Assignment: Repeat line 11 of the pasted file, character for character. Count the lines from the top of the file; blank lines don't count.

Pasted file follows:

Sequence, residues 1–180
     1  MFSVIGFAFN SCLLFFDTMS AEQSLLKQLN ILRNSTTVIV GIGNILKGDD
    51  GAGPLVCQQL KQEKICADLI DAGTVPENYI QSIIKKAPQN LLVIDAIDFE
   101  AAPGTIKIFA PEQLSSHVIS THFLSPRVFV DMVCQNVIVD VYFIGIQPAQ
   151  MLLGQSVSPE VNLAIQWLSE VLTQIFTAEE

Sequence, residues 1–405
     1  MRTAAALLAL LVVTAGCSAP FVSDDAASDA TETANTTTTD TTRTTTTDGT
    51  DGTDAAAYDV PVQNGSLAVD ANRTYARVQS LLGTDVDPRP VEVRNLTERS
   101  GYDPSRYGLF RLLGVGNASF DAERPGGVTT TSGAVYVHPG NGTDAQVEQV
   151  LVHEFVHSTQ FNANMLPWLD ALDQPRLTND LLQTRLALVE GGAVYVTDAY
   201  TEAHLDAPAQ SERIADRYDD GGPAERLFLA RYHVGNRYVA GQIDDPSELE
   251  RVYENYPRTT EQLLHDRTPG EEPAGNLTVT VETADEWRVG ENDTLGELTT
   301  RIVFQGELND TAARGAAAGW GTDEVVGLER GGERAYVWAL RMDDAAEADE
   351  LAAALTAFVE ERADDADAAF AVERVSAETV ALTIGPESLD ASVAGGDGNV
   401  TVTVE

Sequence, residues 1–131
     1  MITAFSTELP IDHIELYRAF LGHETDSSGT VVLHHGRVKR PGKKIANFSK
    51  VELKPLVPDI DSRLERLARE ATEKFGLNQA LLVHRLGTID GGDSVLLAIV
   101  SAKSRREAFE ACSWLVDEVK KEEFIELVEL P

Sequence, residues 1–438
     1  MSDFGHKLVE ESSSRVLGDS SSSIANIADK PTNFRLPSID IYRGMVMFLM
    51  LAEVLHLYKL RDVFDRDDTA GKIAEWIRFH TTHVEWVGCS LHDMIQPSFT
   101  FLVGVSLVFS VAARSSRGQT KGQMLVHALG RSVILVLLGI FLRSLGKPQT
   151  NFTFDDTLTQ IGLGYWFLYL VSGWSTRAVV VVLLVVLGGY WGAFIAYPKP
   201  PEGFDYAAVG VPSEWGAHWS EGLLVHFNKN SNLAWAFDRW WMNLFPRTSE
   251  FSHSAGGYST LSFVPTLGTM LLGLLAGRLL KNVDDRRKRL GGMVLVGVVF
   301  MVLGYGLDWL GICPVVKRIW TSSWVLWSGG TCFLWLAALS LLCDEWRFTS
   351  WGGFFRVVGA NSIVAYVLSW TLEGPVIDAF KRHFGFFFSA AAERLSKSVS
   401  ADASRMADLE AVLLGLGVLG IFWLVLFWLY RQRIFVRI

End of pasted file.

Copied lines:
   201  TEAHLDAPAQ SERIADRYDD GGPAERLFLA RYHVGNRYVA GQIDDPSELE